Sure, guys want him on their team, because he can make a team a contender. But don't tell me it doesn't burn some guys up that he gets this preferential treatment. Baseball is still a team sport, no matter how many players would like you to only recognize them.
As a Reds fan, I wish Griffey could start playing around mid season so he isn't injured when it ends. But that would not be right, or fair to his teammates. Injuries are part of the game, and if Roger can't play a full season anymore without getting hurt, he can always retire. Or go to the bullpen. He doesn't have to go this route that makes Bonds look like the Teammate of the Year.
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AL Pitching is probably the least team dependant / most individual position in baseball - maybe in any sport. Even a place-kicker in football has to practice and depend on his blockers.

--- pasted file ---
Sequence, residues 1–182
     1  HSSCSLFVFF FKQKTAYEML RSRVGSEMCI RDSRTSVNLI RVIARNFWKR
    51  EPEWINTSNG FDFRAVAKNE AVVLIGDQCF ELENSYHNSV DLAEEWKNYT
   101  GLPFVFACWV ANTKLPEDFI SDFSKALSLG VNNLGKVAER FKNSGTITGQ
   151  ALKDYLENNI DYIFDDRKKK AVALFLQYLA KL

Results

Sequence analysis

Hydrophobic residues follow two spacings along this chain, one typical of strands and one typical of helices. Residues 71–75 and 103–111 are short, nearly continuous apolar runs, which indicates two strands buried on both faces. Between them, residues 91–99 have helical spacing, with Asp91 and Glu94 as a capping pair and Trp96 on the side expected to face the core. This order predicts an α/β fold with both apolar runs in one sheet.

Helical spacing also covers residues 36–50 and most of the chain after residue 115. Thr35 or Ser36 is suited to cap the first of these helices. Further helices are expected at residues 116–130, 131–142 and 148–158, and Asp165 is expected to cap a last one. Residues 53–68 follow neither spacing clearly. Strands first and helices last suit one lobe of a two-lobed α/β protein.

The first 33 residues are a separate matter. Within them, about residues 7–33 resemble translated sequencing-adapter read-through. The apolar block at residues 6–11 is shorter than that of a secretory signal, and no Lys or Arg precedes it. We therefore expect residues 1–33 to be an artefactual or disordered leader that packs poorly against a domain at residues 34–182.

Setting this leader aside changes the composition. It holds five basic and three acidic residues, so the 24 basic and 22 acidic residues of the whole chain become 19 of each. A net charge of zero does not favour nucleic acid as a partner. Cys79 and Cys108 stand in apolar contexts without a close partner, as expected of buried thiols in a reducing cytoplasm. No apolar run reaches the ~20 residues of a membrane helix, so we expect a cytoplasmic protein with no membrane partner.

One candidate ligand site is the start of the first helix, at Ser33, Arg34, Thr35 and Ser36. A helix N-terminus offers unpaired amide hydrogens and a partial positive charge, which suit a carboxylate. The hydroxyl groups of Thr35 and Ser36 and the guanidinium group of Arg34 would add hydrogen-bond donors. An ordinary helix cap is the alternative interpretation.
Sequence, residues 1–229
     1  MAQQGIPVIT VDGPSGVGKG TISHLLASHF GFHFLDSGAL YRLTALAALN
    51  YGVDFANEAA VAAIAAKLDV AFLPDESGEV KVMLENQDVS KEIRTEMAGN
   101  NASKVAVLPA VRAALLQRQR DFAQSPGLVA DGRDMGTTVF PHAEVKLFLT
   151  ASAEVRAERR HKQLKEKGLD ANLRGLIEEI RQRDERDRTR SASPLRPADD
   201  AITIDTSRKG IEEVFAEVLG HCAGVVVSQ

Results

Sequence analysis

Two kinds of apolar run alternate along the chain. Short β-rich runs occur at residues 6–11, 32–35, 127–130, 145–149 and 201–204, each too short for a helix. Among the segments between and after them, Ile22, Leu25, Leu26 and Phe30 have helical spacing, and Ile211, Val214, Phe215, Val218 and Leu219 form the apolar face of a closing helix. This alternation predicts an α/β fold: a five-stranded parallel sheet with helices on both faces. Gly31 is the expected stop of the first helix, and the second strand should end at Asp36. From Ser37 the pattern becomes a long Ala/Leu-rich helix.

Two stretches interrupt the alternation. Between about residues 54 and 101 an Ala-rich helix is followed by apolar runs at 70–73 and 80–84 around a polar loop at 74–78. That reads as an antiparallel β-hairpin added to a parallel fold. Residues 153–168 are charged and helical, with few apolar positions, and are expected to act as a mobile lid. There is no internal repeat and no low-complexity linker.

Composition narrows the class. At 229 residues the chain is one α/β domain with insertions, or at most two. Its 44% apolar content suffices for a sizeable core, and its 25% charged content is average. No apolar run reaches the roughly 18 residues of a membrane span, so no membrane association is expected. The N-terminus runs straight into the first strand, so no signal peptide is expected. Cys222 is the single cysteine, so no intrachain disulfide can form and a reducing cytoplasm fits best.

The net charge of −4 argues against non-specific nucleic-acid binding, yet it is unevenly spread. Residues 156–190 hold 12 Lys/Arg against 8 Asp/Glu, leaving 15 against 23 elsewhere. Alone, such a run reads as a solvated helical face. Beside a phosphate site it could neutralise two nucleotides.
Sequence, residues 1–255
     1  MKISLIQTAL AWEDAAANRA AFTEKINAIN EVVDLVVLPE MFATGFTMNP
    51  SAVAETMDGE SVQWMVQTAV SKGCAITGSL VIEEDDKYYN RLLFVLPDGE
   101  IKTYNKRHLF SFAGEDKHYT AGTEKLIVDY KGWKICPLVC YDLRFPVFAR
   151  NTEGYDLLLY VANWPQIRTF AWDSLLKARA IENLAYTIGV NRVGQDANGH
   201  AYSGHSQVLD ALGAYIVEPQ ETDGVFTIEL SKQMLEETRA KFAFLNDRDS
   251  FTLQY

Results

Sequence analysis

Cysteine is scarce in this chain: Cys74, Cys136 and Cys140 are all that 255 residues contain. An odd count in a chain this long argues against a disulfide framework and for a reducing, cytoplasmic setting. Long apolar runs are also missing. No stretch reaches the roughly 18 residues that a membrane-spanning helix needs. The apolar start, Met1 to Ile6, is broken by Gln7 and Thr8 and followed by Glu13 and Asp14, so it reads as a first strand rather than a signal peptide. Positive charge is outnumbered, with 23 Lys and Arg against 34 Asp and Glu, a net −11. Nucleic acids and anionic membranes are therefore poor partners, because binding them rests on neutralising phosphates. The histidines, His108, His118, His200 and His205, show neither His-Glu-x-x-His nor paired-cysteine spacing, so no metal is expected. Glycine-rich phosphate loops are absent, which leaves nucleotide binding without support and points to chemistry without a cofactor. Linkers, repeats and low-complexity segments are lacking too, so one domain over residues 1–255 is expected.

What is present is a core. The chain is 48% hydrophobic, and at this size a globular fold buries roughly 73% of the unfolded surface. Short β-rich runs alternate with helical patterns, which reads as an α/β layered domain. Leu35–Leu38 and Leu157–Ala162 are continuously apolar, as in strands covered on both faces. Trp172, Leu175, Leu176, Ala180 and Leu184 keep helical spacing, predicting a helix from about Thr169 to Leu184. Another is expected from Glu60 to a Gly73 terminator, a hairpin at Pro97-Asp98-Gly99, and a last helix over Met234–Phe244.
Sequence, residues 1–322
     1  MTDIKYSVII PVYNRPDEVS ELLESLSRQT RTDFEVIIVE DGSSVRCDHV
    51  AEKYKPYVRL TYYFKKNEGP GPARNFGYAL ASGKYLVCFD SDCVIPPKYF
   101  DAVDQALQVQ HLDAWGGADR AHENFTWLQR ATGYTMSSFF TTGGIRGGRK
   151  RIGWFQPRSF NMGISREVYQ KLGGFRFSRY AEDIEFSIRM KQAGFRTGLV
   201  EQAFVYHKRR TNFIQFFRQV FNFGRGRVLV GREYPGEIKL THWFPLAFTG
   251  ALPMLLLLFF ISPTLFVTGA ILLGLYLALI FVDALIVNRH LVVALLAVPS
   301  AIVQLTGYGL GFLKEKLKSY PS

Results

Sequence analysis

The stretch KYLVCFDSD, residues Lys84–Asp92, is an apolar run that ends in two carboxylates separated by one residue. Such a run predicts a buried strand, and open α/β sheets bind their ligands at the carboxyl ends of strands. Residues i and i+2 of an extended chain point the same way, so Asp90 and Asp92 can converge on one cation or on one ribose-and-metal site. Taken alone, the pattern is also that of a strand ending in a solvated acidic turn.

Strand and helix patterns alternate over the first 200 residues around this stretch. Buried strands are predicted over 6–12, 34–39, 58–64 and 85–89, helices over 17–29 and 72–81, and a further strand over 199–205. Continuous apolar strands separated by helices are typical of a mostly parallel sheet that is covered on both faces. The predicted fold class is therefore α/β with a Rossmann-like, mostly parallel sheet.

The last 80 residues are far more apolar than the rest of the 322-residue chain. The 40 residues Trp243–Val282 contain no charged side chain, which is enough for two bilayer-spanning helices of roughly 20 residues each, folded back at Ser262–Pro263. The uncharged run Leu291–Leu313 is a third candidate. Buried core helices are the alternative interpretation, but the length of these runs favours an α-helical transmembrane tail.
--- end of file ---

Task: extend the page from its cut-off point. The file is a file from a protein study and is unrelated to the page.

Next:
AL Pitchers need to learn a set of signals when they change teams. They don't have to relearn how to pitch, how to cover first, etc. He's not costing the team by not being there - if anything he's costing himself conditioning time.
I assume Roger has been conditioning and taking care of himself.
I don't see this as any different than picking up a guy on the expanded rosters right before the playoffs. Who cares if you pitched with the team all year or if you were called up in the last month? If you can deliver in the playoffs, that's all that matters.
That's a lot of talk about a guy that hasn't even pitched yet and a team that probably won't make the playoffs. I think I'll stop now.
Even without Clemens the Yankees would've made the playoffs based on them making it every year for the last dozen or so years. If the Yankee players and front office are ok with Clemens work schedule, I don't see why anyone else would have a problem with it. So, sure I'm happy they signed Clemens, but I was even happier that Andy returned a Yankee.
I also would put Wang, Pettitte, and Mussina up against Schilling, Beckett, and Matsuzaka and like my matchup.
I disagree. David DeJesus is a perfectly acceptable cog that could fit into any team's plans. He does absolutely nothing to hurt you in terms of bat or defense; he simply won't do anything to blow you away either.